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Are you thinking of buying a new PC? Unless your computing requirements have changed, or your computer hardware is failing in some way, it would probably be an economical option to try to make your existing PC last a bit longer.
Keeping a PC going for another two (or more) years when the alternative is buying a new one obviously has environmental benefits, so should we be thinking more along the lines of ‘make do and mend' - a phrase first coined in the 1940's?
Windows XP has now been with us for 9 years (since its launch in October 2001) and shows no signs of going away anytime soon. Microsoft recently announced that it will continue to provide support for XP until 2014, so any new security holes that appear will be patched to ensure that XP systems stay safe.
With a stable and safe operating system, there are a number of ways you can then extend the useful life of a PC:
Add as much memory as you can
Most PC motherboards can take 2Gb or even 4Gb of memory. If you pay a visit to www.crucial.com and download and run the scanner tool, in most cases it can produce a report on your system and recommend the best memory upgrade.
The cost of this will typically be around £65 at the most, so if you have less than the maximum amount of memory in your PC, you could definitely increase its performance very cost effectively.
Remove any programs that you don't use
Maybe a communications suite for a mobile ‘phone that you no longer use got left behind when you upgraded, or you changed to a different anti-virus program but didn't fully remove the old one, or you loaded a game that you don't play any more.
Check the Add/Remove Programs option in Control Panel and you might be surprised at how much junk has accumulated over the years. However do be careful when considering removing programs you're not sure about - for example many printer installations include other applications that the printer needs to have running in the background.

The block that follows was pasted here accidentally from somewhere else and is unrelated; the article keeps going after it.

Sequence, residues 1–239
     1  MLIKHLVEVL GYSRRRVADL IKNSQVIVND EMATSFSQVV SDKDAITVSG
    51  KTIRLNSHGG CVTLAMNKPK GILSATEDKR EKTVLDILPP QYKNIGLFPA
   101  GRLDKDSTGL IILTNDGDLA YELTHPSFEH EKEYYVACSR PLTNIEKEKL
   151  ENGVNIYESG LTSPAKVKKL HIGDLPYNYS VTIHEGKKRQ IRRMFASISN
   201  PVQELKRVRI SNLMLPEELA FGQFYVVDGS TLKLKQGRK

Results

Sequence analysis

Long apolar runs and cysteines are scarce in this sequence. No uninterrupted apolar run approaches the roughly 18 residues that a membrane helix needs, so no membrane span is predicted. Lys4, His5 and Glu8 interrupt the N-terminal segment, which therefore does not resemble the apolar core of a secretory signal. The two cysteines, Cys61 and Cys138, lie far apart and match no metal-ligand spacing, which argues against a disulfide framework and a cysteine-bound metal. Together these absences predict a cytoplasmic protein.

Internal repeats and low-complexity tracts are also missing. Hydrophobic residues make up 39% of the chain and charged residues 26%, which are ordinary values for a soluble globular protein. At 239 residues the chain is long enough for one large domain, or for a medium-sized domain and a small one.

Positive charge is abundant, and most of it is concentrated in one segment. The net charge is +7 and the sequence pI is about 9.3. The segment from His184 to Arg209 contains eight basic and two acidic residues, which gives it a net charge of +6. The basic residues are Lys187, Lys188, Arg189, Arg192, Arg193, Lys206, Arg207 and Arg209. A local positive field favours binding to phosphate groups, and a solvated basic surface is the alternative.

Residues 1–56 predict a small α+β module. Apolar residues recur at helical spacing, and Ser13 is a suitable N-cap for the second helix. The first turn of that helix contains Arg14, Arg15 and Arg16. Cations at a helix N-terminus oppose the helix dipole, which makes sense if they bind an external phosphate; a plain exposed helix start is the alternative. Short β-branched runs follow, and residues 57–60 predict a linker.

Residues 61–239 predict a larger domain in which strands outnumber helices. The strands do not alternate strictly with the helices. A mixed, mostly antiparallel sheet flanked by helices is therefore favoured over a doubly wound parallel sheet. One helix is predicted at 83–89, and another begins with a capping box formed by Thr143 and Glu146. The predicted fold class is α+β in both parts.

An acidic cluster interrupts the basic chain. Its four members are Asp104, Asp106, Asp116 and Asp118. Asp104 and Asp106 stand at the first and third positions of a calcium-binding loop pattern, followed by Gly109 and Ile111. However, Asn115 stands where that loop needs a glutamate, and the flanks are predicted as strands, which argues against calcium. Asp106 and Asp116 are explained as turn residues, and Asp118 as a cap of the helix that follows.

Tidy up your files
If possible, the best way to tidy up the hard disk is to copy all your personal data to an external drive, then wipe the hard disk and start again, re-loading Windows, your programs (for example MS Office etc.) and finally your data. This can be a time-consuming process which may take several hours, however this is the very best way to return the operating system to an ‘as-new' condition and once complete many users remark that it is ‘like having a new machine'.
If the wipe-and-reload option is a step too far (or if, for some reason, you no longer have your original installation CDs and can't obtain replacements), consider archiving old files to an external backup - either an external drive, or a CD, or backed up to a storage service on the Internet.
Run the Windows disk utilities
Once you have reduced the number of ‘live' files on the PC, run a Disk Cleanup and then Defragment. Both of these programs are accessible from the System Tools menu, and running them will help Windows locate files much more quickly on your disk.
Taken together, the measures outlined above should give your PC a new lease of life, and you can sit back and wait for ‘Moore's Law' to take effect - if you can defer the purchase of a new PC for two years, you will find that when you do go ahead, it may be twice as powerful as a PC you'd buy today, for the same cost. And in the meantime you've helped the environment by not creating more landfill.
Hotech - Getting IT Working
If you would like advice on how to keep your older PCs running, then Hotech can help. We offer an initial on-site meeting, at no cost and with no obligation, at which we can assess your requirements and make recommendations. For more information on Hotech click here or call 020 8544 9321.
« Back to News | Published: 18/10/10